Drew Smith is the author of the landmark book, Social Media for Genealogists, and a reference librarian for the University of South Florida Library in Tampa Florida. He and George are co-hosts of The Genealogy GuysSM Podcast and help host the My Society radio program produced each week by the Federation of Genealogical Societies.

Laura Prescott is a professional researcher, writer, and speaker. She is the outgoing president of the Association of Professional Genealogists, genealogy project manager for the Nickerson Family Association, and a consultant for Fold3.com. She lectures and writes for national audiences on a variety of genealogical topics. Her specialties include the use of manuscripts in genealogical research, genealogy on the Internet, genealogy for Mac users, and merging history with genealogy.


Visit our website for more information about how to register for Course 6 (or any of our other offerings at the 2012 Salt Lake Institute of Genealogy).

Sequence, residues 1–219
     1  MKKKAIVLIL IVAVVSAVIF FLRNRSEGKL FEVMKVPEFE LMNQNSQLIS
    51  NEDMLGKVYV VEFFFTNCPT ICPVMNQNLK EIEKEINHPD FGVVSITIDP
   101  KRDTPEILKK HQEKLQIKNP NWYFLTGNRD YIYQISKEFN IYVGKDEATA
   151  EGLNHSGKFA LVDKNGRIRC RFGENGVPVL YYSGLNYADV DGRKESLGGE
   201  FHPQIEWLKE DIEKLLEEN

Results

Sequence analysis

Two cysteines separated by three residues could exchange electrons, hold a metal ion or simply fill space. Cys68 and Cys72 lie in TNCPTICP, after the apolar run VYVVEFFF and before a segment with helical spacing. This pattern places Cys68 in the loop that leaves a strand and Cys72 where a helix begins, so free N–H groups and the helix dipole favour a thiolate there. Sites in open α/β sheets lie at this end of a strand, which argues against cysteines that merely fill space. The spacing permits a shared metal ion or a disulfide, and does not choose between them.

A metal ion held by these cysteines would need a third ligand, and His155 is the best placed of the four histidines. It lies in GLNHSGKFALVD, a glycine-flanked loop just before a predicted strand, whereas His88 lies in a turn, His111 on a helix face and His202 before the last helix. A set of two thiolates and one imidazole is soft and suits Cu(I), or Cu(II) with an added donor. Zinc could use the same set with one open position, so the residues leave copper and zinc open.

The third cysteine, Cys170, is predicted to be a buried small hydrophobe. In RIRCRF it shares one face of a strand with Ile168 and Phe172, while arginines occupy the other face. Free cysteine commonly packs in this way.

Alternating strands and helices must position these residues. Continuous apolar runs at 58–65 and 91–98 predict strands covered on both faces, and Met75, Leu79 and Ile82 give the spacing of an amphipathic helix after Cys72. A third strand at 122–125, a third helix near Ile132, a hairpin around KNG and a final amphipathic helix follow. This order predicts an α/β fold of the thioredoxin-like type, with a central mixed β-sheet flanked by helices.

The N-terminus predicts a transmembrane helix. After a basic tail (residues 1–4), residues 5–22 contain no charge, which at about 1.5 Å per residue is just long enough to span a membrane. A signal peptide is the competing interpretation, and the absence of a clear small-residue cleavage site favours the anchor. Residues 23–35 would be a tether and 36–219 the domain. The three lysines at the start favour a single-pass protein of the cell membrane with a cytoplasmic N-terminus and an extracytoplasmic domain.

If you enjoyed this article we invite you to share it via your favorite social networking media using the appropriate icon below. You may also reprint this article in any email or print newsletters you wish to distribute provided you include the date of original publication and the following text:
This article reprinted with permission of the Utah Genealogical Association. To learn more about the Utah Genealogical Association (UGA) or the Salt Lake Institute of Genealogy (SLIG), please visit their website at: ugagenealogy.org.

Tuesday, September 20, 2011

Upcoming: UGA Family History Fair

UGA will host the UGA Family History Fair (formerly South Davis Fair). It will be held at Bountiful High School on March 3, 2012 from 8:00 - 5:00 pm. This fair is now under the auspicious of the Utah Genealogical Association. The fair will be a spectacular event! Don't miss it. More details will be forthcoming on the UGA Events page.